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Another thing is... Are there already unwanted rats that need homes in your area? Why not help them find new homes, instead of creating new rats that either, 1) Take up the homes the homeless rats may have gotten or, 2) Create more homeless rats. Why not start a rescue in your area instead? It's the best thing I have EVER done, myself.

Is there supply and demand? And I don't mean a petstore... Any ethnical breeder would never sell to pet stores. An ethnical breeder will screen, adopt, keep who doesn't get adopted, etc. A "true" breeder wold never even need to sell to a pet store, as their rats will be in high demand (over time - any cute rats may go quick at first, but over time? Probably not once everyone who wants a cute rat has one.)

If you REALLY want to breed, there are ways you can do it "right". It's been outlined before (and probably already in this thread). We are not anti-breeders, we are anti-bad breeders. Which, I would take a gamble to say, any pet-fanciers would be. If you want the best for the animals, you'd want high standards for those who choose to bring new lives into the world.
 

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Discussion Starter · #6 ·
in response to reachthestars-
i agree that you should be very experianced before breeding i just wanted to point out that in new zealand breeding is good more than not because mostly we are in a shortage of pet rats in my area and they will never be sold as food only as pets , i do agree in like the states you must have homes ect pre-sorted rather than them ending up as snake food.


and to Kimmiekins- there are not many un wanted rats in my area they do not get put in pet shelters (dont know why) i dont want tyo breed i just wanted to make note that in nz its not so bad because it seemed that many members were very anti breeding altogeather


oh and if breeder do not sell to pet stores , how do they get them ?? our pet stores do NOt breed there own in 99% of the cases they higher breeders to supply thm ,
 

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pet stores usually buy their rats from "mills," like puppy mills, or "breeders" that are breeding just to meet the demand of pet stores (rather than breeding to create good pets) they're breeding the rats for the profit, whereas real breeders breed to better the species
 

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Yes... They are breeding for money (they get paid for supplying the pet stores), where as ethical breeders breed for the good of the species (and do not make money, and often loose it). Often, people who breed for pet stores keep the rats in sub-standard conditions (overcrowded and small living areas, mixed sexes, sub-par foods, no handling) so they can keep up with the demand, while not spending much money.

As for rats not being at shelters in NZ, according to to Kiwi Rat Club, they sometimes are (along with owners trying to get rid of rats in papers and online). I am glad it's not a large problem like it is here. But I still wonder if more "mill" breeders are really the best step to take?
 

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Discussion Starter · #9 ·
wow i didnt know we had a rat shelter thing ,i wouldnt breed myself and i do see your point but im sure that all pet store rats arnt breed for just demand , i mean id sell to a pet store ,adn be breeding better rats but i guess there arnt many people who would go to that much trouble
 

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the problem when the rats go the pet store is that you can't track the line once they are bought so you can't know what health issues crop up or if there are later onset temperament issues, both you would want to screen for.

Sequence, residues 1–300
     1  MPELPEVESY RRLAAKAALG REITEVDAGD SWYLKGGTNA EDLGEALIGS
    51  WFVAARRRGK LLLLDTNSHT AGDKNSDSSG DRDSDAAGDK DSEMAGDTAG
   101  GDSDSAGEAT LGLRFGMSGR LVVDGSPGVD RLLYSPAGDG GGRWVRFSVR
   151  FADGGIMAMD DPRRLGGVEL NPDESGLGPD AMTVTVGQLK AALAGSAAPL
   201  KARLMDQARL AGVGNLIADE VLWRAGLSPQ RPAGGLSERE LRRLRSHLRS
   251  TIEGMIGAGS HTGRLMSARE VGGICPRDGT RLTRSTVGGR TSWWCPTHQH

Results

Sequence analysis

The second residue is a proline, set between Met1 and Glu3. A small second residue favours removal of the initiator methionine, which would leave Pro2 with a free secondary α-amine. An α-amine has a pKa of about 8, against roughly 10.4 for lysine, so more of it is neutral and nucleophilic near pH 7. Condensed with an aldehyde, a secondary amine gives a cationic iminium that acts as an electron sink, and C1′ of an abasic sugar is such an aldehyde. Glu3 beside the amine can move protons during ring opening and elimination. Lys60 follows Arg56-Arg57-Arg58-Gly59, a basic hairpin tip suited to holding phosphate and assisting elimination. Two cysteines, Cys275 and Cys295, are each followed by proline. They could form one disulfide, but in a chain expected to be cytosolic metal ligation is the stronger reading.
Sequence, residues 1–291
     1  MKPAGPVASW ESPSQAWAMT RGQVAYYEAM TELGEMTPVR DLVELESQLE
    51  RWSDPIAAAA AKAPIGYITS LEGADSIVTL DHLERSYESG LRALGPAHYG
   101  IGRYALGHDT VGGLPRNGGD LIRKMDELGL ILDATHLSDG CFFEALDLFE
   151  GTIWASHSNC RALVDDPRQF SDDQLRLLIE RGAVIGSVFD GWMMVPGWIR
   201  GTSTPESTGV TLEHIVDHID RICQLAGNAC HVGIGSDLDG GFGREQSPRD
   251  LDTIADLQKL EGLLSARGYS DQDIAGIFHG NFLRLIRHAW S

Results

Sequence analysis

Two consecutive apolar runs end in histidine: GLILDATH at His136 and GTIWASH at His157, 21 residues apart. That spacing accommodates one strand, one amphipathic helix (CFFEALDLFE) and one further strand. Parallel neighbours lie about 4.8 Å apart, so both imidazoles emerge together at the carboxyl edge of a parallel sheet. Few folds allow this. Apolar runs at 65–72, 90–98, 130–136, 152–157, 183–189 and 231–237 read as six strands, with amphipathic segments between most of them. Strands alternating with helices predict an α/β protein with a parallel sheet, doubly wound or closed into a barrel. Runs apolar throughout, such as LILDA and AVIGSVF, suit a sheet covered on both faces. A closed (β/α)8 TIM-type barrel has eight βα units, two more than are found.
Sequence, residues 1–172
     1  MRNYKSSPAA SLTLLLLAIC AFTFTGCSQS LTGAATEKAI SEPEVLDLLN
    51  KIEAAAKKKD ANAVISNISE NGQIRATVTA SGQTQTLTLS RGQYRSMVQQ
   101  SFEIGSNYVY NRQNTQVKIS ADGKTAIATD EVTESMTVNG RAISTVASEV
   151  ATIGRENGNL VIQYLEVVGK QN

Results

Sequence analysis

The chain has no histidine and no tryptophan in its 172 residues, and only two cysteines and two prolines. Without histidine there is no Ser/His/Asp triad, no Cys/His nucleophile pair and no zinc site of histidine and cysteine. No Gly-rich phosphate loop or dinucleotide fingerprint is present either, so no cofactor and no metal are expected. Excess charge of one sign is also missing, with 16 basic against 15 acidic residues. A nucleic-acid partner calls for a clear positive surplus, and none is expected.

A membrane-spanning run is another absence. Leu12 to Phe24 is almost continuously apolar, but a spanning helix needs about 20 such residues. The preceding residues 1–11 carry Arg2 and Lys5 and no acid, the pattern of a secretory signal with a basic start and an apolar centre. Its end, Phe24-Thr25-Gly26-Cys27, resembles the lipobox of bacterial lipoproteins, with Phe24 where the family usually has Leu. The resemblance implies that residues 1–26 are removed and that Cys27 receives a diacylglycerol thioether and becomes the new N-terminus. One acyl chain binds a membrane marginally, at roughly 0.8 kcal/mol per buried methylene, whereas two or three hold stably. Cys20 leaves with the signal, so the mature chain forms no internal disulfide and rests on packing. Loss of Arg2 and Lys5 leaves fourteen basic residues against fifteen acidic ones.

the other problem with pet stores, is they don't screen new owners. so long as you have the money you can get the animal. which means people that want to pull pranks can get the animal and never care for it. people that don't know what they are getting into can get the rat and then neglect it out of ignorance.

so even if the babies bred for the pet store are very selective they can't be as good a line as the ones proper breeders would breed and find homes for.

you are right, there aren't many people willing to breed ethically because it is a lot of trouble. but the ones that decide to do so also know that selling to a pet store is only going to ruin their lines (they won't be able to know all that they could for the line). it is a lot more work when you don't send the babies to the pet store because now you have to make sure they get homes on your own. and good homes, which means screening and follow up checks and sometimes confiscation. and the ones that you can't find homes for you have to keep. then there's the demand to consider. if there is no demand for their babies then they won't breed and that can mean the end of a line that you had worked on perfecting for years and years. that's a lot more work then selling to a pet store.

its why you can find mill breeders pretty dang easily or one step above mill breeders fairly easily too. i've been told that in canada the best we have is one step above a mill breeder, there are no real ethical breeders at all. i'm really hoping that's not true for the entire country but i do know its true for the maritimes. we have breeders here that don't mass produce but that breed with unknown genetics too which destroys any real knowledge of the line (which is the main tool of ethical breeders, they need to know what's in the line in order to improve it and when you breed with unknown genes you have to start the line back from scratch because you don't know what one of the parents was carrying).

in order to know what's going on in the line you have to have knowledge of the babies entire lives. you need to be able to keep in contact with all the adopters or at least the majority to find out what their temperament was like throughout their lives, in order to know what illnesses were come across and how well they resisted it and of course to know what they died from. you can't get that if you sell to a pet store. its just not possible.